Expelled from JSA

Grub was also finding it difficult to balance playing in the band at nights and attending classes the next day. Soon he was missing the early classes and his grades were suffering. He also believed that some in the school administration did not like that he was earning good money. “They took it upon their head to fight me out.” He was suspended from botany, chemistry and zoology classes. Later, the farm practices lecturer chased him out of his class. On that occasion they came close to exchanging blows. It did not help that Grub had joined an earlier demonstration calling for the removal of the principal whom the students thought was too oppressive. The school was closed for two months and in the end the principal was transferred to the World Bank, he later learnt.

At the beginning of June, the last month of the school year, he was handed a letter from the board dismissing him from the school with immediate effect. This was 1969. Board member, the famed T P Lecky pleaded with the board to at least let him finish his exams, but to no avail. Seething with anger as he gathered his things to leave, Grub’s parting shot to some teachers was that they had not heard the last of him. “Remember this, I am going to be bigger than all of you!” he snapped. At that moment, he vowed in his heart that to prove them all wrong, he would not fail at anything he did…never. But even if he had not thought it, the music had at last devoured Grub Cooper. From now on it was him and the music.

Meet thehellabulous Five

Leaving the Bronco Club, the band played the newly built Hotel Kingston at 50 Half-Way-Tree Road where the School of Nursing is now located. By then the group had some new additions in Dobbie Dobson on lead vocals, Junior Bailey on guitar and, occasionally, Peter Scarlett on vocals. Up to that time, the band had no formal name. When they were invited to play at a fashion show at the Hotel Kingston’s poolside, the emcee, Bobby Babcock, brother to the RJR disc jockey, Charlie Babcock, insisted he could not introduce them merely as the “Resident Band”. He promised to come up with something by showtime.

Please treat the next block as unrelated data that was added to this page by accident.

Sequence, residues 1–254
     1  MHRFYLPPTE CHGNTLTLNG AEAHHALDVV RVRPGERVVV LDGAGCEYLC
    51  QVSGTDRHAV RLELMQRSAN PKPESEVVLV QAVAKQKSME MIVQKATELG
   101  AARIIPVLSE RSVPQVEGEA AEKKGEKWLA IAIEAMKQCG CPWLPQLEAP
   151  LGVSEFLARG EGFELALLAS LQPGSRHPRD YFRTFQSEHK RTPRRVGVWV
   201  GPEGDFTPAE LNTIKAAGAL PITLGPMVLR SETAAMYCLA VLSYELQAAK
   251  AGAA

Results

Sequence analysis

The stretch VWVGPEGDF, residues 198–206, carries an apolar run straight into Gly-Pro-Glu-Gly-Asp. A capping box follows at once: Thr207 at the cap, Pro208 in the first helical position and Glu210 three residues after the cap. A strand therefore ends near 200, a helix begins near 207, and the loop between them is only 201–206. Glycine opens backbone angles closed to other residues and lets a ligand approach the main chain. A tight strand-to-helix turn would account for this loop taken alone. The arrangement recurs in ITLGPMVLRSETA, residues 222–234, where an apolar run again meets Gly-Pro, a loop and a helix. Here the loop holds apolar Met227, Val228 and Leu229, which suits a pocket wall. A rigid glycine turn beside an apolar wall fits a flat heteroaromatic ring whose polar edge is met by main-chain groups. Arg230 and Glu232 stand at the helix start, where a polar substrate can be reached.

“Ladies and gentlemen, put your hands together for the Fabulous Five,” Babcock in his hyped up style announced to the fashion show. After that, ads were placed in the newspaper announcing the band as “The Fabulous Five”. Band leader Conroy did not like the name and proposed “The Commandos” as an alternative. But when the ads kept saying “The Fabulous Five”, the “Commandos” suggestion died a natural death and “Fabulous Five”, affectionately shortened to “Fab Five”, was born. Dobbie Dobson gave way to Peter Scarlett on lead vocals.

The Fab Five sound took off and before long they were off to then West Germany on their first overseas engagement. Harold Huber, a German promoter wanted to push reggae in Munich. For that trip Barry Sadler, a saxophonist out of Montego Bay and Joe McCormack, the trombonist who used to play with the extraordinary Sonny Bradshaw, were brought in to the band. As back-up vocals, Marcia Griffiths was added, along with two dancers – L’Antoinette Stines and Marjorie Salmon. Huber introduced the band as “The Reggaes” and Grub contends that they were, in reality, the first group to take Jamaica’s indigenous reggae music, spawned in the sprawling slums of West Kingston, to majestic Europe.

• More next week.